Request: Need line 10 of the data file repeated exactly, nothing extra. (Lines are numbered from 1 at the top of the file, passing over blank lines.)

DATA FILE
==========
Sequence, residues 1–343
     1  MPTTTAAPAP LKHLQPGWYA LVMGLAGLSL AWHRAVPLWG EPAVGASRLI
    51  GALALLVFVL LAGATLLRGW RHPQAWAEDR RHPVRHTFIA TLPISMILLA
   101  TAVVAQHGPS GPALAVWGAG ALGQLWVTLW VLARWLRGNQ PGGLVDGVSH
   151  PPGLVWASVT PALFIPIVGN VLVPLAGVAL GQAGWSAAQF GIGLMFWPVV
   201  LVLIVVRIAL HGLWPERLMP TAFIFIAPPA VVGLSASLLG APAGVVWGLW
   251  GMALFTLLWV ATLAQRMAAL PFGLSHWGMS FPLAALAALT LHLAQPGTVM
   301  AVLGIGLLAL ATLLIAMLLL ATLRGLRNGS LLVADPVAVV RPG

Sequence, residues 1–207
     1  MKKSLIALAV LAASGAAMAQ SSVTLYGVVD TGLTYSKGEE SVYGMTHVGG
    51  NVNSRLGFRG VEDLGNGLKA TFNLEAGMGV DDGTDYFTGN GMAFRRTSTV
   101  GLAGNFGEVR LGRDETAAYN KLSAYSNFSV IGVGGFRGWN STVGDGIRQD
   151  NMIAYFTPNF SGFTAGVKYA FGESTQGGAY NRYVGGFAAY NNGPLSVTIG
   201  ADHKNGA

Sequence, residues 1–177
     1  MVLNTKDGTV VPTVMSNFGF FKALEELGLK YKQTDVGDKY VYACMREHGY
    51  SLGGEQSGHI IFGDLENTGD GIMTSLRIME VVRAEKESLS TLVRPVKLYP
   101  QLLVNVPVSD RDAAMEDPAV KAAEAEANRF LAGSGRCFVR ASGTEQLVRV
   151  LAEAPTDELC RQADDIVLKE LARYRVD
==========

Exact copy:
     1  MKKSLIALAV LAASGAAMAQ SSVTLYGVVD TGLTYSKGEE SVYGMTHVGG